Although there may have been simpler,possibly home made, versions around earlier, the first known commercial car radio was introduced in 1930 by the Galvin Manufacturing company of  Illinois, USA.

Galvin namedd their first car radio the “Motorola.”

 Such was the success of the Motorola car radio that the company changed their name to Motorola and went on to become a market leader in in-car entertainment.

yDuring the mass production explosion in the car industry of the Fifties and Sixties, several significant developments in in-car entertainment were released.

The first came in 1952 with the release of FM radio, followed the next year by FM.  Progress was rapid in the early Fifties, with West German audio giants Becker introducing the first car radio that boasted an AM/ FM permutation.

By the early Sixties, in-car transistor radios were becoming the norm, with trailblazer Becker becoming the first to offer a   “solid-state” radio with no vacuum tubes.

The next stage in in-car development came in 1965 with the introduction of the  Eight-Track Tape Player.

Anyone restoring a classic car of these times has to make their choices.

If there already is a radio or stereo fitted in the vehicle, the chances are that more or less certainit will no longer be in working order.

At this point, the restorer is faced with some simple choices.

  • Should they make an effort to discover if the radio is worthy of repair or restoration?  If this is the case, then the restorer is faced with two choices. Either to restore it themselves- a long and prodigious task or handing it on one of the numerous specialists who handle the repair and maintenance of historic radios, to go as far as upgrading them to meet modern standards and will even reinstall them- at a hefty coast. 
  • Replace it with a sound system that looks vintage but provides the best of in-car entertainment available today.  If the restorer is less concerned with the authenticity of interior restoration, then the options are pretty well unlimited.  In-car entertainment specialists will advise on the best system to meet particular audio quality requirements or whether there will be a need to invest in an amplifier and even a subwoofer.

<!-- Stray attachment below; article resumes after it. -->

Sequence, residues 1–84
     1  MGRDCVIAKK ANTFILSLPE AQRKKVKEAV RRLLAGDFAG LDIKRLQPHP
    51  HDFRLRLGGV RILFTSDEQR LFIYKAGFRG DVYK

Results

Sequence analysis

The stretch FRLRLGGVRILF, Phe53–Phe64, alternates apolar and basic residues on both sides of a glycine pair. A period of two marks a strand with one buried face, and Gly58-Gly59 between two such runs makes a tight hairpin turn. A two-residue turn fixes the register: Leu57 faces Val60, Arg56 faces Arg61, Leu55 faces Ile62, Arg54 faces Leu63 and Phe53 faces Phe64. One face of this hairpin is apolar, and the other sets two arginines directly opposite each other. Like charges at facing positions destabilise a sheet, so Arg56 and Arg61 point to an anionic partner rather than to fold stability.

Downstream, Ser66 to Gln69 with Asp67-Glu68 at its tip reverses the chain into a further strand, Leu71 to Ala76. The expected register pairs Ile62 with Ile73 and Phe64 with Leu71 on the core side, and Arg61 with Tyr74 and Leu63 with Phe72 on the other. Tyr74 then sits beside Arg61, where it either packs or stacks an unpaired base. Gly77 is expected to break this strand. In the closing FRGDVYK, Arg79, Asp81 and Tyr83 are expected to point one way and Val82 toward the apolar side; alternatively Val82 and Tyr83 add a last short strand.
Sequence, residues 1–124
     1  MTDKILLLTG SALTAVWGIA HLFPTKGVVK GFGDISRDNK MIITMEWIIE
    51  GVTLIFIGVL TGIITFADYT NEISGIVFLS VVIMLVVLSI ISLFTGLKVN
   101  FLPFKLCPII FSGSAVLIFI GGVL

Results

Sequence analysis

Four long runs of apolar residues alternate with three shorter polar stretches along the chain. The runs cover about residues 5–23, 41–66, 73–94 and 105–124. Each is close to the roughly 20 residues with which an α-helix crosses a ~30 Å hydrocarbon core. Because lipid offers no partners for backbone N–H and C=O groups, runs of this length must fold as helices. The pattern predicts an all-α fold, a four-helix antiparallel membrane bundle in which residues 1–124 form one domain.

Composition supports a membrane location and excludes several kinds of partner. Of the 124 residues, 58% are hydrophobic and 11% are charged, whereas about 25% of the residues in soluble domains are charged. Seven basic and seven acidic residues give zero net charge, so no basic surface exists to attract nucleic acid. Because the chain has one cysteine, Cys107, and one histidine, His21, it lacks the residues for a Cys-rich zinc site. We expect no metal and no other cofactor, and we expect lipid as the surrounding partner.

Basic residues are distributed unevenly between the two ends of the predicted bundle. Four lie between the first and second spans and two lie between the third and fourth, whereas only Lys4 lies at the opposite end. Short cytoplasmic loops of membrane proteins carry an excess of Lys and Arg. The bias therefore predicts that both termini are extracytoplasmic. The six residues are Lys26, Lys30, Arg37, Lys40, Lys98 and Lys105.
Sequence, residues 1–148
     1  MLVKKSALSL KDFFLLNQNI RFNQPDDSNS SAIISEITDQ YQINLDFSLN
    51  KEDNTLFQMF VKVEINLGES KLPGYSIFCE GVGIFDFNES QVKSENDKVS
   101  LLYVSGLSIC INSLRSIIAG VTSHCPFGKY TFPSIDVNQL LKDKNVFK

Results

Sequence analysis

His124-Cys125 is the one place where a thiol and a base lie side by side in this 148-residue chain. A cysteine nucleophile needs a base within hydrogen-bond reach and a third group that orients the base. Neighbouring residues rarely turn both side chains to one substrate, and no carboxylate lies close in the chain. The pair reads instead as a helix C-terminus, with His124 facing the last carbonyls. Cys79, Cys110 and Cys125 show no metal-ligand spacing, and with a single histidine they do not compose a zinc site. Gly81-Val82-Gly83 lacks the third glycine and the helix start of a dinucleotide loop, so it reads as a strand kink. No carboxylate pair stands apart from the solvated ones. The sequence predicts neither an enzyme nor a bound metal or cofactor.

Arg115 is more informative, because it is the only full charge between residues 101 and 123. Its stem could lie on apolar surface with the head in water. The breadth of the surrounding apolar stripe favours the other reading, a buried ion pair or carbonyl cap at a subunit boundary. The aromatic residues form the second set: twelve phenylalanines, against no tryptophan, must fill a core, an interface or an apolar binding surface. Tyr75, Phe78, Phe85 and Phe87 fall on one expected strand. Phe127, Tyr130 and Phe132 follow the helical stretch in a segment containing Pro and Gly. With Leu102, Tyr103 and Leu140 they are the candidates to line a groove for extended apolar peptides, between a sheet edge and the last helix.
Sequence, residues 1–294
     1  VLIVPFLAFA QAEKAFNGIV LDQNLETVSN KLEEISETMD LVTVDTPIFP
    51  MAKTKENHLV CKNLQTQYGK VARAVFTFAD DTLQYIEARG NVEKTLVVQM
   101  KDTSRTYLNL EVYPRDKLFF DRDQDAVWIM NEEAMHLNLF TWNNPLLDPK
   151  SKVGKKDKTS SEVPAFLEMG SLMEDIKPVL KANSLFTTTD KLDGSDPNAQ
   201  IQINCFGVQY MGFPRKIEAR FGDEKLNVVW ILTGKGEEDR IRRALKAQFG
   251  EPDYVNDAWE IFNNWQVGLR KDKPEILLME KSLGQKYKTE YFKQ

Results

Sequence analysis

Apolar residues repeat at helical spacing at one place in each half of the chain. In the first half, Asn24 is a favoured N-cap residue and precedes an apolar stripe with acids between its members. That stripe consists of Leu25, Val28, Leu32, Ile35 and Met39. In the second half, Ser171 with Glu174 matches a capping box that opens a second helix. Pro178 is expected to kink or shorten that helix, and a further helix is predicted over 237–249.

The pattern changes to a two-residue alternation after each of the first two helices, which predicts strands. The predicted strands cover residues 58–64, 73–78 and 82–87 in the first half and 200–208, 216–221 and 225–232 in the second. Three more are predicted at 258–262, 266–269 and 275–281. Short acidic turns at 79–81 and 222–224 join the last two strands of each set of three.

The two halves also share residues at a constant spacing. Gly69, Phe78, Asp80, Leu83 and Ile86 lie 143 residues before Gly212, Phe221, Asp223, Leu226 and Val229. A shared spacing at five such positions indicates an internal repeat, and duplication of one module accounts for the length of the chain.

Even if the terminology were unheard of when the car was first produced, today’s in-car entertainment specialists would be capable of integrating them into a classic vehicle using techniques that will mean they will be totally unobtrusive in the décor.

Once the style of the sound system has been settled, the next issue is to match up the wiring system so that it will be compatible.

The original radio will have been wired up to work on a 6-volt supply system,  while even the least powerful radio will require a 12-volt system to power it.

This problem is easily solvable by investing in a transformer that will convert 6-volt voltage to 12 volts.

As the restorer will inevitably discover when working on the car’s wiring system, the insulation on the original wiring will have become stiff and brittle and needing to be changed.

The wiring used in a car produced half a century ago or more was insulated with rubber,then lacquered.

These materials were biodegradable, totally failed to stand the test of time, thus requiring complete replacement.

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A guide to acquiring, restoring and maintaining UK or European Classic Cars of the Fifties and Sixties- as well as a recollection of the iconic cars of the era and the visionaries that produced them.